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From the November 8th Presidential election to year end, the S&P500 was up 4.6% and the DJIA was up 7.8%. Though there were initial expectations that a Trump win would cause some immediate weakness in the market, instead, the market focused on policy changes that could have a positive impact on economic activity. For example, the long term lagging financial sector led the rally on expectations of a significantly reduced regulatory environment and the fact that higher interest rates will improve profit margins. It is interesting to note that the DJIA far outpaced the S&P500 primarily due to the performance of one stock. Since the DJIA is price weighted and Goldman Sachs is the highest priced stock in the index, the move in Goldman Sachs actually represented over 20% of the rally on its own.
Since 1980, from the Presidential Inauguration to the end of the year, the S&P500 has averaged an 11% return. The only time it was down for the year was after the Reagan Inauguration in 1981 when the market ended the year down about 8% as we were in an economic recession. However, 1982 was the beginning of one of the best bull markets in history. The DJIA went up nearly 150% from 1982 to 1988 and still much higher for years after the Reagan Administration.
This month the market went mostly sideways until the break to new highs today. As this Quarterly Overview is being written, the DJIA opened the day above 20,000 for the first time. The market has been driven by many factors but, primarily seems fixated on the policies of the Trump administration which are deemed pro-growth. The reduction of costly and burdensome regulation is expected to spur economic growth. One of the more important policy shifts will be a reduction in taxes at both the personal and business level. Consumer spending represents about 70% of economic output and with more spendable income, confidence and a more business friendly regulatory atmosphere, it is anticipated that economic growth as measured by the GDP will exceed 3% quickly.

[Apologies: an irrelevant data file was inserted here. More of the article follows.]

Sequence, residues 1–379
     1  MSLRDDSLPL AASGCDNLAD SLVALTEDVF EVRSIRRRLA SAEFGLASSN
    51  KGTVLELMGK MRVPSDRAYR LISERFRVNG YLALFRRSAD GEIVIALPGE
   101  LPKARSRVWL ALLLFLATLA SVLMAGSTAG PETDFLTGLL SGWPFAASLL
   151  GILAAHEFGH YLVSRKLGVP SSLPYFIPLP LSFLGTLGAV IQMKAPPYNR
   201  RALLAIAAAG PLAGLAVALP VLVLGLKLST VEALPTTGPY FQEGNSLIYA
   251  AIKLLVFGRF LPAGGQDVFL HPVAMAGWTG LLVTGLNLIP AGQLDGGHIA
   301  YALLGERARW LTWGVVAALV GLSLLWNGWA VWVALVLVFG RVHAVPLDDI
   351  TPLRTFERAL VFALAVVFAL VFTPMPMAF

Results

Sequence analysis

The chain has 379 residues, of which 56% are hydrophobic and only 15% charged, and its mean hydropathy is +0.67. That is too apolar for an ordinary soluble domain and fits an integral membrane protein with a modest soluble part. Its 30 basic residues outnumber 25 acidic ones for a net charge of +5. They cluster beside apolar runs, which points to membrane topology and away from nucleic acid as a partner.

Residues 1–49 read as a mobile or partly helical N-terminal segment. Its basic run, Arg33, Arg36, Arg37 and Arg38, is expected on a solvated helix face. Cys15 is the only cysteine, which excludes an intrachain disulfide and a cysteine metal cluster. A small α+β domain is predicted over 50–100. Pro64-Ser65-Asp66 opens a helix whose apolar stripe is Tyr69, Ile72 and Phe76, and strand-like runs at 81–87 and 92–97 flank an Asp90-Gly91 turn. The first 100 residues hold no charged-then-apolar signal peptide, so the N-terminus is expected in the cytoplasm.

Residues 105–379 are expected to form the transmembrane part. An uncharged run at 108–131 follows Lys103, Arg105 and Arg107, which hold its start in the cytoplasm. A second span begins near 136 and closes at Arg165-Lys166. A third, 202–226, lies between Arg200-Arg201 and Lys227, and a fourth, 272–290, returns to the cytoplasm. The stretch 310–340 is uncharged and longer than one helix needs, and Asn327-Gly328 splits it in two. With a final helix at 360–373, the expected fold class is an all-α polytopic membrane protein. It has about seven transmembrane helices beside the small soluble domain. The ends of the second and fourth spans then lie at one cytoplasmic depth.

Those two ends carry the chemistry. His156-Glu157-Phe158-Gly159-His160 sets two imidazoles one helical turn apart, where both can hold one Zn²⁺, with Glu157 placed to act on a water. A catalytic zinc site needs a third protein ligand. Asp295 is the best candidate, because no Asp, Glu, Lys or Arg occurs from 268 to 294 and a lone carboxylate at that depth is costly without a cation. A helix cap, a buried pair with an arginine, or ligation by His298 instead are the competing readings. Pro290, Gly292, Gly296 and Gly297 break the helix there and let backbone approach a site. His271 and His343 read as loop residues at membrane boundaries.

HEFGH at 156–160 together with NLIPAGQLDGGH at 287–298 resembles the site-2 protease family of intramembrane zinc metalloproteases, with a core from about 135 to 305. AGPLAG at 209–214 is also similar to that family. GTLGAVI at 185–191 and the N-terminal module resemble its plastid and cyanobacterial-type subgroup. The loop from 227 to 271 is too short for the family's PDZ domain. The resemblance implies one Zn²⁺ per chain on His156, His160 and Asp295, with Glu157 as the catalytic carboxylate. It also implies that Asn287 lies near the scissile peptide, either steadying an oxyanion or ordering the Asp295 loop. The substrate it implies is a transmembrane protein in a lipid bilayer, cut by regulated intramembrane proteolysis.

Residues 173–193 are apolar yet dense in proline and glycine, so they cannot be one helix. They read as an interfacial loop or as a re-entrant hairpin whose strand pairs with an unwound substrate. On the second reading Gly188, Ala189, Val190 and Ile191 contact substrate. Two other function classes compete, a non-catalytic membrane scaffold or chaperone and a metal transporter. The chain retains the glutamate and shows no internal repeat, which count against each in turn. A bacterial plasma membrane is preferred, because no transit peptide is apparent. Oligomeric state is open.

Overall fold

The market itself is a leading indicator. The simple fact that it is doing well now may foreshadow better times ahead. However, since the market is trading based on expectations of things yet to come and a timeframe for policy changes that is uncertain, it may be a little ahead of itself in the short term. Also, sometimes a major milestone like the DJIA hitting 20,000 can create a level of resistance that sets a short term top. Obviously the market does not go straight up. That said, we would not advise trying to trade an expected correction. We believe strongly that a market correction anytime soon will be met with pent up demand for equities and the downside will be relatively shallow and short lived. We judge that staying invested through any near term weakness will be rewarded intermediate and longer term.
We have confidence that the bull market is intact and will continue to be driven by policies that stimulate the economy and a consumer whose confidence continues to grow. Though interest rates are expected to rise, higher interest rates and even inflation do not derail a bull market until they rise to the point where they start to restrict economic activity. We remain bullish intermediate to longer term. Stay long the market.
Stay warm this winter, spring will soon be upon us!
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